Creating accessible home offices with the introduction of a wheelchair lift

Sean O’Sullivan, Managing Director of the Platform Lift Company gives his top tips on how to create accessible home offices with the introduction of a wheelchair lift.

Home working is becoming the norm; kitchen tables are doubling up as desk space, laptops provide a convenient way to work whilst sitting on the sofa or in bed and everyone only looks smart from the waist upwards for Zoom calls. There are no office politics to contend with, no busy commutes, cancelled trains or expensive journeys – so infinitely less stressful.

There are also lots of positive news stories about how home working could open up thousands of new jobs for disabled people with campaigners saying 'New opportunities for disabled people to work from home must not be lost when the coronavirus pandemic is over.'

However, there can be some downsides to working from home including loneliness and lack of interaction but perhaps one of the biggest problems is not being able to separate work and home life because you are in the same surroundings all day long. A home office or study is ideal because it gives you this dedicated space and makes you feel more productive.

Creating a home office

Creating this space is not always obvious especially if some areas of the home are not accessible because of physical barriers like steps or a difference in level. However, a wheelchair lift or a platform lift as they are commonly known, could increase a living space to accommodate a working area even if it is a corner of a room.

With bespoke office furniture, it is possible to transform even the smallest of spaces; the trick is to make use of available walls right from the floor up to the ceiling. A bespoke desk also means it can be made to suit an individual’s needs.

If there is not room inside a home, consider using outdoor space. Steps down into a garden can again be easily overcome with a wheelchair lift. Garden offices come in all shapes and sizes so even a small city garden could house a mini office which is still large enough for a desk and bookshelves.

A guide to wheelchair lifts for the home

An open style platform lift has a much smaller footprint and can reach short distances of up to 1.25 metres. These types of lifts can overcome a change in floor level without having to make major structural changes to a property. All they require is a level floor for the fixings and a power supply for the control unit. The platform lift is typically battery motorised and operated by a remote control, push buttons or a control panel.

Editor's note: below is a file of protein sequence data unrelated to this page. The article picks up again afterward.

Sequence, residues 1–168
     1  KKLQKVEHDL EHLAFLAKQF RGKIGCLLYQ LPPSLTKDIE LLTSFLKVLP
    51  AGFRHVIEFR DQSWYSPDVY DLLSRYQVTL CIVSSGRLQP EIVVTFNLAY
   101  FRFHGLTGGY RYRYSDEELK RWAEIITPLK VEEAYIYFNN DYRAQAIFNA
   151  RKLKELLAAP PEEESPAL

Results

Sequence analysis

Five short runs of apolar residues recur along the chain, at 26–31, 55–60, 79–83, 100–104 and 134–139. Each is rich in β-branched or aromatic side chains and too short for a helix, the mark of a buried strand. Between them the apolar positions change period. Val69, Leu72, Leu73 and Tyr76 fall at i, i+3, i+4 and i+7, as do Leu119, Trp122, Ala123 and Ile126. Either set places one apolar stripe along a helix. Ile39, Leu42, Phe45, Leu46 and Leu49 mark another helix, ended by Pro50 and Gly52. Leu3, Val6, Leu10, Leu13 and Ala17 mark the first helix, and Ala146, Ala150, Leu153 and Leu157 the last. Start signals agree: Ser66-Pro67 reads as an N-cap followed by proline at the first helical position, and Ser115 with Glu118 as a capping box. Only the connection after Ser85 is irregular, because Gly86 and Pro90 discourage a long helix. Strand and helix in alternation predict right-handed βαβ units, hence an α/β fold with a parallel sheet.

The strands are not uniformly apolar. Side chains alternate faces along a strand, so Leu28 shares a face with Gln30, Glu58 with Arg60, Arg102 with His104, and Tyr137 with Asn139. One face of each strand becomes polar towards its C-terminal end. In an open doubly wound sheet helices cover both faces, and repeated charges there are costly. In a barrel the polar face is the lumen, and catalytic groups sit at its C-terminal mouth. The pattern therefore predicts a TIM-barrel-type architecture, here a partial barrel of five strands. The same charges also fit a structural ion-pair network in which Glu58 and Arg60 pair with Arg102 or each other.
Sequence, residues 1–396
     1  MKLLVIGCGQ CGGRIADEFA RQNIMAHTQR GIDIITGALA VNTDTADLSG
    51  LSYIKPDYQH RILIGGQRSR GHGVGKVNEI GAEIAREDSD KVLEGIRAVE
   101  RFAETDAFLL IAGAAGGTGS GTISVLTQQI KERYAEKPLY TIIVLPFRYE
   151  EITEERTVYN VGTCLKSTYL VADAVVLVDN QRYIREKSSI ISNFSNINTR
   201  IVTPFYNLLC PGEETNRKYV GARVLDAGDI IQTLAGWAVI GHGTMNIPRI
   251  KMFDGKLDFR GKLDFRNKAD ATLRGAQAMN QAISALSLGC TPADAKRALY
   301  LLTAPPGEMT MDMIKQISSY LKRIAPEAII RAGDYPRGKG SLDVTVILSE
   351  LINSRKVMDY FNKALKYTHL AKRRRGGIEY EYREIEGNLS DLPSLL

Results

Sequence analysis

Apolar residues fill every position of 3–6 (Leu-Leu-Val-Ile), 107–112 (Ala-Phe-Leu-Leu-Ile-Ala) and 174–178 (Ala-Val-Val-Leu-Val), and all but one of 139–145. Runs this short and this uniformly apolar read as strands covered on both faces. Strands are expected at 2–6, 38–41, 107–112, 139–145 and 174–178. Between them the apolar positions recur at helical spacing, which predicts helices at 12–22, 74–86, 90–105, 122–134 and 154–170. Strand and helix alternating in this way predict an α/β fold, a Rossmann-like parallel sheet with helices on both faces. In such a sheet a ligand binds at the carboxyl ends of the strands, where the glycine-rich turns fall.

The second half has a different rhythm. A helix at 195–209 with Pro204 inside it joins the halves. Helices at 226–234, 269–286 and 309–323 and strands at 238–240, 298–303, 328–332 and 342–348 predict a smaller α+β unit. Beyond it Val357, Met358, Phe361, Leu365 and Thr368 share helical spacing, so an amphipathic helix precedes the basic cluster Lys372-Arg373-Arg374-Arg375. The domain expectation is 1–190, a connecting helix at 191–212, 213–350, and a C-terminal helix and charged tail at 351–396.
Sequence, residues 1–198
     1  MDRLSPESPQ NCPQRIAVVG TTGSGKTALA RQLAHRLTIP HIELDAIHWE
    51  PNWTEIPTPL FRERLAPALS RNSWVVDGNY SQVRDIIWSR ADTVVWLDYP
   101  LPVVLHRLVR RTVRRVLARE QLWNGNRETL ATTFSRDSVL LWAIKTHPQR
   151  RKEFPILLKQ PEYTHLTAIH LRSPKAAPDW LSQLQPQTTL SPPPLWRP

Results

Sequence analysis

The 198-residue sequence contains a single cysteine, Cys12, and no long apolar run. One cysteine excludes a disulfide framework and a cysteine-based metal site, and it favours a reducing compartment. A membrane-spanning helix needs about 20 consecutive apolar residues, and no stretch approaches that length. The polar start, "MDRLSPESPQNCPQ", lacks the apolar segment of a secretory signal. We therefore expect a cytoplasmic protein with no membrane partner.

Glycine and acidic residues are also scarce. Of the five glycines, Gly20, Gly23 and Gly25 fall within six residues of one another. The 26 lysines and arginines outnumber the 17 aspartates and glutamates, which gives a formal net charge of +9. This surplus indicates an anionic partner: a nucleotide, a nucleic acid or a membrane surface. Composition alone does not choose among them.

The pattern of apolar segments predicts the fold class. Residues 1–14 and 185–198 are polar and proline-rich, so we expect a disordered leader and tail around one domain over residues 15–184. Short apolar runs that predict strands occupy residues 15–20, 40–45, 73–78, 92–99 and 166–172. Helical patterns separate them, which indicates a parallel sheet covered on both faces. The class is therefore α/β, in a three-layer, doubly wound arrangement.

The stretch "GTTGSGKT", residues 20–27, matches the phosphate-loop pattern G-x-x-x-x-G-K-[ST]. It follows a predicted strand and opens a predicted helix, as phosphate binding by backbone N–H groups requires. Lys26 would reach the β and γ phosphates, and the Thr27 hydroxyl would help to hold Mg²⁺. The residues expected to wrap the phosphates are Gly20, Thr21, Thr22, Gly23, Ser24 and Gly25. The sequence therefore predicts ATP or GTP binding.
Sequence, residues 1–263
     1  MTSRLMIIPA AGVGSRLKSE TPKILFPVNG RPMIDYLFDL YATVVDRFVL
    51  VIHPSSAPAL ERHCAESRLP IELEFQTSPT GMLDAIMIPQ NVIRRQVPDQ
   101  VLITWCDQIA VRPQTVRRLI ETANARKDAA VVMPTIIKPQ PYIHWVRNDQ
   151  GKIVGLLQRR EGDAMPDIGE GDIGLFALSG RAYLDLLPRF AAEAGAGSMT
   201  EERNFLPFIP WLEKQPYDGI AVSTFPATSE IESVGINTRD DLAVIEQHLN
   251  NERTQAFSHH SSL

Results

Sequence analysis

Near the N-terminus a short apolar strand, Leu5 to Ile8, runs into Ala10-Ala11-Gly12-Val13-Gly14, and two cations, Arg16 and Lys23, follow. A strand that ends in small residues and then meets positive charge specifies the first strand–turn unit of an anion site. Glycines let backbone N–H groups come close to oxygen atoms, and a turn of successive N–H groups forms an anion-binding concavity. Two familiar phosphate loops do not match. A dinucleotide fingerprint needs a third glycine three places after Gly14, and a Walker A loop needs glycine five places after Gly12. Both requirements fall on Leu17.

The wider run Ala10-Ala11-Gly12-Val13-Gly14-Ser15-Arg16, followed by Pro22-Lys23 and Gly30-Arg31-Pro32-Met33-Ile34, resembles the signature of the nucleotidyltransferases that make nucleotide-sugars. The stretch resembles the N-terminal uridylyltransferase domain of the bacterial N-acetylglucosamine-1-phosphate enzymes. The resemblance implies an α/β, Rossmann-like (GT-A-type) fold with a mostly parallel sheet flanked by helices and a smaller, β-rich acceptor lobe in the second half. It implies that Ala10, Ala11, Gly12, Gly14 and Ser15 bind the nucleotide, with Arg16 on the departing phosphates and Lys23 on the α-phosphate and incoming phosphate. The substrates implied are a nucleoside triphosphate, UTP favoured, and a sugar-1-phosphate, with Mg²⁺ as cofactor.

A FlexStep provides a 2-in-1 solution which can reach heights of x,  this type of lift can be configured as a flight of steps and transformed into a platform lift. The FlexStep is particularly effective in tighter spaces and can be easily integrated with existing steps by using the same material for the tread and handrails.

Creating access to a level higher than 2 metres requires an enclosed residential platform lift. Whereas traditionally a stair riser would have been installed to overcome flights of stairs, there are now a variety of lifts designed especially for the home which are stylish, sustainable and provide a dignified and faster way to travel between floors. 

Through the floor lifts can be positioned virtually anywhere within a home as they have a self-supporting structure. They are easy to install as no major structural alterations are required.

A slightly more expensive option but infinitely better in terms of user experience as it feels more like a passenger lift is a residential platform lift – also typically called a home lift. There are endless design options for this type of lift which comes with its own shaft;  the external facing doors can be any RAL colour to match the surrounding décor and  glass panels can be used to give a feeling of more space within a room.

Again, this type of lift can be easily installed by creating a shallow pit (as little as 50mm). Alternatively, a ramp can be fitted to the front of the shaft on the ground floor level instead of creating a pit. Residential platform lifts can travel up to 12 metres.

A cabin style residential platform lift shares all the quality and aesthetics you would expect from a luxury hotel. The design possibilities are endless as you can choose your desired material and colour for the shaft and cabin.

Today’s wheelchair lifts are compact and have an incredibly small footprint – so even with the tightest of spaces it is possible to create disabled access. If you would like to talk to one of our team about our products or to arrange an accessibility survey please call us 01256 89600 or contact us.